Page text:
West Virginia Preparing for Workers’ Comp Competition in 2008

March 27, 2007

One insurer, Brickstreet Mutual, now dominates West Virginia’s workers’ compensation market but that should change by the end of next summer.

“We are working on being able to open the market to other commercial carriers in July of 2008,” said Commissioner Jane Cline. “We have been meeting with various industry groups to talk about the reforms and changes in our workers compensation system so we can encourage competition in that arena.”

Brickstreet used to be a monopolistic state fund but that changed in January 2006 when it was privatized. Now the state is readying to admit other private insurers into the mix next year.

Cline recalls that the workers’ compensation situation has been a major issue in an interview with Insurance Journal during January’s meeting of the National Association of Insurance Commissioners as part of a series of interviews with 15 state insurance regulators. The complete video interview may be viewed at www.insurancejournal.com/broadcasts.

“West Virginia has had significant problems with respect to workers compensation. We were a monopolistic fund that had a significant unfunded liability. Employers were being asked to pay for the sins of the past and that was a drain on the employers’ fund,” she said “It was also a detriment to economic development because industry would look at our workers’ compensation system and the rates and choose not to locate in West Virginia.”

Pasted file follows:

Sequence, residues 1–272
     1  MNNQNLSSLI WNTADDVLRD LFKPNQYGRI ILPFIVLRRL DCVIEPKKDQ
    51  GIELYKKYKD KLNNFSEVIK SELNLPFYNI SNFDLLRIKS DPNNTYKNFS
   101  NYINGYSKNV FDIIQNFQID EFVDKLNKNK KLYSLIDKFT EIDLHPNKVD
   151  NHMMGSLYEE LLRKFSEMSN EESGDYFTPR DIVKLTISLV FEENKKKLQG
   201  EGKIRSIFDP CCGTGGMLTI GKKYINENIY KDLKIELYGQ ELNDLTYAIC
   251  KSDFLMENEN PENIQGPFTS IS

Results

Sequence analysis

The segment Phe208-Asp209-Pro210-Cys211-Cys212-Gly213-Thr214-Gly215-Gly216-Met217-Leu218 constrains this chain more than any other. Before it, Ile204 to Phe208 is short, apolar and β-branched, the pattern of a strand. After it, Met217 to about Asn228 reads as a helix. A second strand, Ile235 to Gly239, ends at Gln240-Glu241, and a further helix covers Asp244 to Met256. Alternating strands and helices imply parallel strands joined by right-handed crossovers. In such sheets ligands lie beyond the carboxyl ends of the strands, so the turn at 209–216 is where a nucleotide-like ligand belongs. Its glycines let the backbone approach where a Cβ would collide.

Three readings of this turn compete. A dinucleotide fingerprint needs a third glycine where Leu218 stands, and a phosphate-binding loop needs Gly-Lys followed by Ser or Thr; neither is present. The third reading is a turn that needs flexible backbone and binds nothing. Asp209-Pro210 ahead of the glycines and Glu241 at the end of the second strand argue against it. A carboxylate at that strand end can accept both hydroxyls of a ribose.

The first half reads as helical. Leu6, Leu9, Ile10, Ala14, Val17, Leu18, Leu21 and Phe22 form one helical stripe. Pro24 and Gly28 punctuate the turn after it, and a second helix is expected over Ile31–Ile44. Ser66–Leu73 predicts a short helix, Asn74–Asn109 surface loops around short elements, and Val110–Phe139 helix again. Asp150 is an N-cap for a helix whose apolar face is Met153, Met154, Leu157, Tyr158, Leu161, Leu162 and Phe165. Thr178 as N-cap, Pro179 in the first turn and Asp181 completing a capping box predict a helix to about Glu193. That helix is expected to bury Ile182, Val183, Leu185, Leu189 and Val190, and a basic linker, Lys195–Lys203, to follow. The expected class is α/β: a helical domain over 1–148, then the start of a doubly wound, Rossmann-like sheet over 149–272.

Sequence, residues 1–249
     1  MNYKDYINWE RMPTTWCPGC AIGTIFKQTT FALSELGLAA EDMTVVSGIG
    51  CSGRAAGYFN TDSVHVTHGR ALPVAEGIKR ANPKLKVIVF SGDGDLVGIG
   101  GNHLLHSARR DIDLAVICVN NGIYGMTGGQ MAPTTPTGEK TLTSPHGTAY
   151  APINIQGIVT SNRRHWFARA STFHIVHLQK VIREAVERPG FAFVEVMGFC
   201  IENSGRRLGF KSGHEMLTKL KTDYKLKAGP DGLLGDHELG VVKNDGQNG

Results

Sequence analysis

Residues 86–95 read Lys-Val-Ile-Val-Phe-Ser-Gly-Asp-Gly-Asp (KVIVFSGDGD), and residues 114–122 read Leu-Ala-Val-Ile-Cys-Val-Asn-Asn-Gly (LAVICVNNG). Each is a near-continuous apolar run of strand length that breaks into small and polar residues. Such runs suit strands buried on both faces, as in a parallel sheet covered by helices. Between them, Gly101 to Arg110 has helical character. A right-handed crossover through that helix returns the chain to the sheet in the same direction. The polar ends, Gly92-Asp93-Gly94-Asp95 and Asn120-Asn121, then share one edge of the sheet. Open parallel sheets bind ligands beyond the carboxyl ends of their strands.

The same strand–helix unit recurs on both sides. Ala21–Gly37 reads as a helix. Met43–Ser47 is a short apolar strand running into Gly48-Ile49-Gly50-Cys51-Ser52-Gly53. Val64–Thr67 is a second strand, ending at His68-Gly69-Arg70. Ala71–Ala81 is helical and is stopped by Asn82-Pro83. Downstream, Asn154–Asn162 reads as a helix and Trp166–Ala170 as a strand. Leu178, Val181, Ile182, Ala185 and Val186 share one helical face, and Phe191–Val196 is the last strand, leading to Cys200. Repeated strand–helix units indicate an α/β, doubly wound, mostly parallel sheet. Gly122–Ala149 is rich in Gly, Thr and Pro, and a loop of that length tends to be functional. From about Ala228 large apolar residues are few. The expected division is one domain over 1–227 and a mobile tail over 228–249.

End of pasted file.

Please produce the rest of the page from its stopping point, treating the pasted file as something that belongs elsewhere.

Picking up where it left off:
As part of this privatization process, the state has moved to the National Council on Compensation Insurance class system used by many insurers.

The workers’ compensation market is just one of the areas where West Virginia has tackled problems and where reforms appear to be working, according to Cline. Another is medical liability.

“Ultimately, we ended up establishing a physician’s mutual insurance company; a West Virginia based company that now insures over half of our physicians,” explained Cline.

The medical liability situation continues to improve, Cline noted, with the state approving rate decreases of 5 percent last year and another 10 percent this January.

She also believes personal lines markets are more competitive now than they have been for years.

Cline sees encouraging insurers to do business in her state as part of her job as a regulator.

“[T]he reason I do is because the more competition you have, the more innovative products you have, the better the consumers or the businesses that are buying commercial insurance, that are looking for worker’s compensation insurance; the more opportunity they have to shop and find products that meet their needs. It also helps in the affordability aspect as well,” she said.

For the complete video interview, visit www.insurancejournal.com/broadcasts

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